One man randomized his life. He teaches us why we need much more trial-and-error experimentation—in our lives and in public policy. Here's how it might work.
Again a timeless and timely elegant essay. Thank you, Brian.
Brian, another brilliant discussion! Your article begs the question of why people do not explore, experiment, or take to different experiences? Sure, “knowingness” is a real issue, but I hypothesize it goes beyond that. I think the answer lies in the underlying fear of change and differences. But when does fear override the necessity for exploration and change? I think Tom Nichols at The Atlantic has some good thoughts. It is being too comfortable and having no need to push to explore and open up the world. It is living in a bubble faced with things one “knows” leading to “knowingness” and not realizing how much one does not truly know or understand. It is an inherent lack of curiosity. It is a need to feel in control at all times, even when the reality is control is an illusion.
Evolution will eventually weed out these traits, but how long will it take? Can we as a society afford to wait for that? After all, we are seeing the trend of making education “comfortable” and sanitized so as not to traumatize those who may be shocked by the ugliness and reality of the past, who fear science because they do not understand it, and are beating the experimental and exploratory instincts out of our children.
If we start with anything in public policy, we start by encouraging exploration and experimentation in our educational experience rather than rote memorization requires to take tests as is the case in the US today. Require exploration through narrative and writing, not multiple choice tests.
Great one! Was Hawkins inspired by the 1971 novel Dice Man (https://en.wikipedia.org/wiki/The_Dice_Man)?
3. "It's not because things are difficult that we dare not venture. It's because we dare not venture that they are difficult." -- Seneca. Thank you Brian for this!
Here's a different kind of incuriosity: Often we naturally or semi-formally set things up as if they were experiments and we have access to the results, but we don't use the info because we forget that we had been curious in the past and that we can change our ways in the future. I'm remembering a job I had years ago. We built a particular kind of website for businesses to sign up their new customers, and we could customize it a little for each business. At the outset, we didn't know whether Design A or Design B would push more customers to choose a certain option, so we let each business implement whichever design they felt was more aesthetically pleasing. Turned out, Design A was hugely more effective, leading to something like 10x more selections. We had this firm data. We should have just stopped offering Design B at all and assured businesses that the only design we continued to offer had been "tested and proven." Yet we continued to offer both options and to allow businesses to pick the useless one, as if we didn't have a decade of data telling us which was better. I think it was because the experiment was never formal. There was never an end date by which anyone was responsible for running a report and drawing a conclusion. Our marketers became accustomed to pleasantly offering businesses "a choice," and by the time we'd collected years of data, no one remembered that we had the means to determine objectively which choice was better. I would sometimes raise this topic, and people treated my suggestion as though I were proposing a new experiment or some kind of extra work, although I was just pointing out that historically there was 10x more money through Door A than Door B.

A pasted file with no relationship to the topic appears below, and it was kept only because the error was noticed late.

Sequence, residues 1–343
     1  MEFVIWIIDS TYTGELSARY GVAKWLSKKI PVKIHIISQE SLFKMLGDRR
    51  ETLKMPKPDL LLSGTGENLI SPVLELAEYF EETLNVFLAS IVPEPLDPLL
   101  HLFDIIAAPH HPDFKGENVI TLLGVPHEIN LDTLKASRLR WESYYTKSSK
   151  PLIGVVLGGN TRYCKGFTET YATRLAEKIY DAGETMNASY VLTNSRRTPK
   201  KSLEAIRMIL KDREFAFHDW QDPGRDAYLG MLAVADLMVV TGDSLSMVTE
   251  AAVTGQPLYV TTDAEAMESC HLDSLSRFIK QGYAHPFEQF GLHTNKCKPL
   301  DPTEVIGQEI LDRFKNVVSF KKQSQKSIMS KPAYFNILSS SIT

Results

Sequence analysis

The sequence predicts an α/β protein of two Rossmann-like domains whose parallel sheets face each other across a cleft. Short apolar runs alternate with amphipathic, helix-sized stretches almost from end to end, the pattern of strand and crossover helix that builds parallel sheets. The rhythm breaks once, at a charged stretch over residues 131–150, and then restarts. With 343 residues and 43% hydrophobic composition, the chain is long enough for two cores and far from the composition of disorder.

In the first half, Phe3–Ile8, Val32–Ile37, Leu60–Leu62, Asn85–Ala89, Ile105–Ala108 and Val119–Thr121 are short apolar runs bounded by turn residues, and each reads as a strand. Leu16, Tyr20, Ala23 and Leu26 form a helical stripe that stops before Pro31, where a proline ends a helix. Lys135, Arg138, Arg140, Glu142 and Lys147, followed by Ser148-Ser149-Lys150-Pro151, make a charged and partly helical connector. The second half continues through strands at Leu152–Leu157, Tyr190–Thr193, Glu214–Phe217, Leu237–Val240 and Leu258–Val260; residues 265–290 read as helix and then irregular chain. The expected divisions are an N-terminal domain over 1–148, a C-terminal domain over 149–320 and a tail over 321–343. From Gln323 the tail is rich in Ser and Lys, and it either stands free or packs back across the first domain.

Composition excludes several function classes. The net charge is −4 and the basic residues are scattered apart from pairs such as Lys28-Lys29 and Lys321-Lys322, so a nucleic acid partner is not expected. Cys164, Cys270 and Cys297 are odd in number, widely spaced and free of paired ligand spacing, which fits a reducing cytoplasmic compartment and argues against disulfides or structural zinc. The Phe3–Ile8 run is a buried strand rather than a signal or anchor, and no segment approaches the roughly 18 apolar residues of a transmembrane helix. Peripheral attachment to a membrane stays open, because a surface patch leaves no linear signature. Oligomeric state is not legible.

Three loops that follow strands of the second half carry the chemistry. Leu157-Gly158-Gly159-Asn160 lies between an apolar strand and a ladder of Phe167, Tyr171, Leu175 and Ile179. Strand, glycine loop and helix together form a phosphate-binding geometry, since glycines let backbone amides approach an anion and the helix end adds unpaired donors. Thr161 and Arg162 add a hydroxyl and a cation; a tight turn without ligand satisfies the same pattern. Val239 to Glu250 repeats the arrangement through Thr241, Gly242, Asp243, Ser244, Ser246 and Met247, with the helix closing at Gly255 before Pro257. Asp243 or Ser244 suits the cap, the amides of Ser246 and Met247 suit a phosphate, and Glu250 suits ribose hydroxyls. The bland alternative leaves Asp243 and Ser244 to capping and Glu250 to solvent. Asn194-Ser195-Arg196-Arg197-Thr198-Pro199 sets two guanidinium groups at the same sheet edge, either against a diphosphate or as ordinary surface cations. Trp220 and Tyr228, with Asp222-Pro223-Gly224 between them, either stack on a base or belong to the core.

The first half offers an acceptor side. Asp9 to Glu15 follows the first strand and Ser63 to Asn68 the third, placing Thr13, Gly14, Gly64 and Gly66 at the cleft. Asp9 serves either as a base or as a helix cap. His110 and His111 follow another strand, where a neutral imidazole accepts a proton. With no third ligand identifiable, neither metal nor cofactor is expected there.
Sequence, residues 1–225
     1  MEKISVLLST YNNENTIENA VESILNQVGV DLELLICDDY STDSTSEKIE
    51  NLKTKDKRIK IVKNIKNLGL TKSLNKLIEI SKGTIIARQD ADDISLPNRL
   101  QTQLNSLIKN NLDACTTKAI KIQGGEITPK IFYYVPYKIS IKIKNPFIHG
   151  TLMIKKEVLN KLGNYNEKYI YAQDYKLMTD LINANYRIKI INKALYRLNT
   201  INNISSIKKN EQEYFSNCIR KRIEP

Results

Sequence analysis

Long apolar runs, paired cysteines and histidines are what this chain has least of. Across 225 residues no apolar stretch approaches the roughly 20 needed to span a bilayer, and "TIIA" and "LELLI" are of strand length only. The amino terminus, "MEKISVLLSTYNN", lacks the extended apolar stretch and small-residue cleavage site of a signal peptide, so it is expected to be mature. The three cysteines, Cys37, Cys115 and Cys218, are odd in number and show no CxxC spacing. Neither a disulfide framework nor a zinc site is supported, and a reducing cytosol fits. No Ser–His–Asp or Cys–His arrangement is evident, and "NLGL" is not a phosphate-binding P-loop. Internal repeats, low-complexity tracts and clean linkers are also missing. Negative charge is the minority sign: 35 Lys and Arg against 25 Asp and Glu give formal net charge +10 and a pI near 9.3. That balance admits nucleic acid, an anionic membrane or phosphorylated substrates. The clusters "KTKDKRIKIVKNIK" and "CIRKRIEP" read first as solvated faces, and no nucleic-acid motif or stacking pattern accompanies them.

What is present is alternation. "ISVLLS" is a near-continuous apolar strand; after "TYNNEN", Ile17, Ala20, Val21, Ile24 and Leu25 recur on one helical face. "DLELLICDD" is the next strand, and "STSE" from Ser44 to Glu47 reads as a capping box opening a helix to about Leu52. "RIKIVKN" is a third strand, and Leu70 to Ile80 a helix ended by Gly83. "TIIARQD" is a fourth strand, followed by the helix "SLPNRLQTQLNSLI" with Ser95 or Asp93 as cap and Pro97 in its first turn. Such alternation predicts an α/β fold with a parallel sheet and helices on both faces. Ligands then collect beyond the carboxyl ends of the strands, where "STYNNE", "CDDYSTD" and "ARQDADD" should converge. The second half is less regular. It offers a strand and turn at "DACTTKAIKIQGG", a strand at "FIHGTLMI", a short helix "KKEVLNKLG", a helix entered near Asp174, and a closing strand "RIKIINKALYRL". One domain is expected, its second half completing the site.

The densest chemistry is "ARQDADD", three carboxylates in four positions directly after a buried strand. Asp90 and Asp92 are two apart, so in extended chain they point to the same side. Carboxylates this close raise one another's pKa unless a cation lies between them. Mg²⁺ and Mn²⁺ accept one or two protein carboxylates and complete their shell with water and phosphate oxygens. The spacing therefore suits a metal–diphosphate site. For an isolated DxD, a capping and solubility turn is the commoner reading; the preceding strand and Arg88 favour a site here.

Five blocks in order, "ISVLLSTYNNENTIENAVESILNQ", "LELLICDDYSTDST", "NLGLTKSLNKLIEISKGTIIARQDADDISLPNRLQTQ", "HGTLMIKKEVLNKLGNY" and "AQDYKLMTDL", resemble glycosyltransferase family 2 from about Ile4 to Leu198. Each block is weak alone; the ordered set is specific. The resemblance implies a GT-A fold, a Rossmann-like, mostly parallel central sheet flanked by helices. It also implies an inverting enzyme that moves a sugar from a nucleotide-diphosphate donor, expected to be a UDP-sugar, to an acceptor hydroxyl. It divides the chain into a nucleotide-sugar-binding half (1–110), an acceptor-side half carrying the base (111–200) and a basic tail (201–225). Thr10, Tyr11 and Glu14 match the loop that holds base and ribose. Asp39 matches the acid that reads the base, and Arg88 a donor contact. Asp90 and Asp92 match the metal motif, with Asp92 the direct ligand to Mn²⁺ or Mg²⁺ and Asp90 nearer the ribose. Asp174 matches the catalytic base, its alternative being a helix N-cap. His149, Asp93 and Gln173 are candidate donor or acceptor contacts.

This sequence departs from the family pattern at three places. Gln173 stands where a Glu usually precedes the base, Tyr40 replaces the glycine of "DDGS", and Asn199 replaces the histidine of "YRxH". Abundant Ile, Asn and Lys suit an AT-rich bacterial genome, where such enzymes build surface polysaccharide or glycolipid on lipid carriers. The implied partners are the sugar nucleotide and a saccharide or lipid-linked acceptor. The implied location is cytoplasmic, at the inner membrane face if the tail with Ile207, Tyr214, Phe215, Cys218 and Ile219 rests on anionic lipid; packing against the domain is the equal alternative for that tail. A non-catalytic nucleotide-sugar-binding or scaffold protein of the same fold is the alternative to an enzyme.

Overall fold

I have a smart friend who says that all government policies and regulations should have funding built in to analyze whether they're actually achieving their stated goals. Which implies that all of them should have stated goals that are measurable.
Thank you Brian. I am the experimenter in my life. I live in spacious unknowing, understanding my inner network, the brain changer. Life transitions flow from the inner workings into my life. My body is a lab where I will understand exactly the way everything works, body, mind, and breath (spirit). No circumstance in my life is bigger than this way of life. Thanks for your essay, Brian. It caused me to speak the truth for the way many people live who are unseen and unheard.
I'm a little stuck on the premise that "most laws are based on hunches". Don't we send out surveys, solicit comment, debate the options, etc.? At some point a decision has to be made and while that decision may rely on incomplete data and be based in compromise, it seems to me that most being based on a hunch would be hard to support.
It's funny but not great.